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Categories: Culture Sex

Polyester Polyamory: The 1970s Remembered

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San Francisco arrived as a global sex mecca back in the 1970s, when polyamory was called “swinging,” marijuana was called “grass,” and waterbeds were the sexual status symbol. The new book Perfect Strangers: A Memoir of the Swinging ’70s captures this era in great detail through author Dorothy Freed’s firsthand accounts of casual sex with more than 100 disco-era San Francisco swingers from 1974-78.

SF Weekly caught up with Freed, now 73, to talk about a book that recalls graphic sex scenes from her early 30s in explicit detail.

“It’s primarily a memoir,” Freed says. “In the big orgy scene, there may or may not have been 86 people there. I didn’t do a head count.”

But Freed does detail a head count of the penises and the men attached to them in her conquest memoir, recalling each by name, astrological sign, cock shape, and the exact technique by which she’d fellated them. She was on a mission.

“I had sex with more than 100 men in four years, in an attempt to have a vaginal orgasm,” Freed admits, as the product of 1950s-era sex education that didn’t prepare her for the cock sizes she’d encounter, or the sexual workings of her own vagina.

“Only 25 percent of women can come from penile thrusting alone,” she says. “I was being asked to do something that very few women could do at all.”

Freed got up to speed quickly.

“I became a woman who could basically see a man’s cock through his clothes. I could see if it was curved, if it was small, if it was large,” she says, adding, “Fire signs are the largest, as a rule.”

This was a time when San Franciscans sought sexual guidance from astrology charts, the New Age movement, and big annual events like “Harmony’s Summer Solstice Party in the Castro.”

Many of the book’s details unwind at still-familiar locations, like the Cliff House, SFMOMA, and Cafe Flore, others at extinct spots from yesteryear, such as SoMA’s only co-ed bathhouse, Sutro Baths.

Good Vibes staff sexologist Dr. Carol Queen, who wrote the forward to Perfect Strangers, reminisces over this early-’70s era when the sexual freedoms of the gay freedom and LGBT movements spread into straight culture.

“Heterosexuals were getting in on free love and the ‘love the one you’re with’ culture, partly thanks to large advances in the technologies of contraception,” Queen tells SF Weekly. “Swinging, sometimes in those days known as ‘wife swapping,’ was one lifestyle available to anyone in a male-female couple. In fact, the overarching description of the swing community became The Lifestyle. That way you could discreetly check in about whether another couple knew about it without having to blurt out, ‘Hey, do you swing?’ ”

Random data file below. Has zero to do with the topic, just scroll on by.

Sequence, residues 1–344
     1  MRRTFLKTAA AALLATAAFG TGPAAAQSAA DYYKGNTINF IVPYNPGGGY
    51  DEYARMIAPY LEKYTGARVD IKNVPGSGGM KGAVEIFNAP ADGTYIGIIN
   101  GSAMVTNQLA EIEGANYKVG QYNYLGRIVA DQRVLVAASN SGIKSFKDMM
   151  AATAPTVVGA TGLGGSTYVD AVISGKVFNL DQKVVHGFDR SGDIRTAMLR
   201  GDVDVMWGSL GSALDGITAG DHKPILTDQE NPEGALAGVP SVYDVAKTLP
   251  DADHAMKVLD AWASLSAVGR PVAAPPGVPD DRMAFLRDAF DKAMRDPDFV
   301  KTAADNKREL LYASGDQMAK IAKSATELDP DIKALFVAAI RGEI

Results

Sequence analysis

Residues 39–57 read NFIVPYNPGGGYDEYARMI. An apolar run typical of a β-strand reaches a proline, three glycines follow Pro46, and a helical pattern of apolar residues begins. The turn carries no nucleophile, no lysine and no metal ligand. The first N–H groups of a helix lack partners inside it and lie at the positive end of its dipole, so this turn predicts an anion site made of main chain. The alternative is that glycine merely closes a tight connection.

Freed’s book remembers all her 1970s partners — the nylons-under-the-pants fetish guy, the one who was obsessed with Herbal Fresh douching, and the fellow who realized he was a light angel after accidentally ingesting 60 hits of acid.

This memoir is still a moving, engaging litany of anecdotes that anyone who sleeps around can relate to, like hooking up as a single parent, explaining your late-night comings and goings to your kids, and the uncomfortable workplace ramifications of being known to have an extremely active sex life.

These uncomfortable side effects of sexual extracurriculars show that the trials and tribulations of the whole polyamory game are really nothing new. Swinging grandmas and grandpas went through the same things back in their day. But this was a different time, when your kids might answer your booty calls on the rotary phone and the two parties would actually have to make small talk.

Perfect Strangers: A Memoir of the Swinging ’70s is a fun, sexy, and compellingly readable romp you can bang out in two nights. The cultural details of 1970s San Francisco will arouse history buffs, and the blow-by-blow accounts of orgies make for solid literary smut. But what really hits close to home is seeing how our fair city still had that kinky and corrupting influence on new arrivals, even before many of us had arrived on this earth.

Perfect Strangers: A Memoir of the Swinging ’70s, available on Amazon on Kindle e-reader and in paperback.

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Joe Kukura

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